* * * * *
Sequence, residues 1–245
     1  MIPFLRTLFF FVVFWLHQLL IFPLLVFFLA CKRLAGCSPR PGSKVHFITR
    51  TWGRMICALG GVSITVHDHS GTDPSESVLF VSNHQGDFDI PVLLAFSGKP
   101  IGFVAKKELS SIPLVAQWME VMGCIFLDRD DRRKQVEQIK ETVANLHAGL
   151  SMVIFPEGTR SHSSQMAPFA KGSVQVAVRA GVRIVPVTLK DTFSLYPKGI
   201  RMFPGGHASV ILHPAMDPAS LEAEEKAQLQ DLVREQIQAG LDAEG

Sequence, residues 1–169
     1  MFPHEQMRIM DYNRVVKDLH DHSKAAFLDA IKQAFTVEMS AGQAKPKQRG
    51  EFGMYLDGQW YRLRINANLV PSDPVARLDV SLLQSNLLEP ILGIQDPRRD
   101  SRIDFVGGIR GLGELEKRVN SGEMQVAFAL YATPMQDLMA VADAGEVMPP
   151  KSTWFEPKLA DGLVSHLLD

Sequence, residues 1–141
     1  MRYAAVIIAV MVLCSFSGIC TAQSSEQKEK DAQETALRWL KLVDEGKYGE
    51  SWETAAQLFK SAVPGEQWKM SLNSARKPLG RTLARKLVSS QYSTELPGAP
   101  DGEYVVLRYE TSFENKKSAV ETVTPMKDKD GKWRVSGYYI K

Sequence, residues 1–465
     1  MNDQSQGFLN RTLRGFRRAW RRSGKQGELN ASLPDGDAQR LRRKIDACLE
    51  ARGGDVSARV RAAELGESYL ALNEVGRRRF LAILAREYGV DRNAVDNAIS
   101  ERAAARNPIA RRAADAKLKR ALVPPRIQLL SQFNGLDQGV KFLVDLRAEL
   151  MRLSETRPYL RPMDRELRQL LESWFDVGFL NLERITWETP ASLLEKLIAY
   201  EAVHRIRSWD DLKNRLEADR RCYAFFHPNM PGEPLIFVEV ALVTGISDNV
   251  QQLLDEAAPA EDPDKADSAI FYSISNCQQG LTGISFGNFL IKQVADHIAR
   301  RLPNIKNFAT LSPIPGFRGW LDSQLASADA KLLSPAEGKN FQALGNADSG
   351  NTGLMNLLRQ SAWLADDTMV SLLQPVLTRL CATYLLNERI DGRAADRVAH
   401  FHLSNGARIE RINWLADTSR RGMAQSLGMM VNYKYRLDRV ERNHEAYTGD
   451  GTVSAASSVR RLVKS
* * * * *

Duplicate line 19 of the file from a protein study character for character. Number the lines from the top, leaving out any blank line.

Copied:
   101  ERAAARNPIA RRAADAKLKR ALVPPRIQLL SQFNGLDQGV KFLVDLRAEL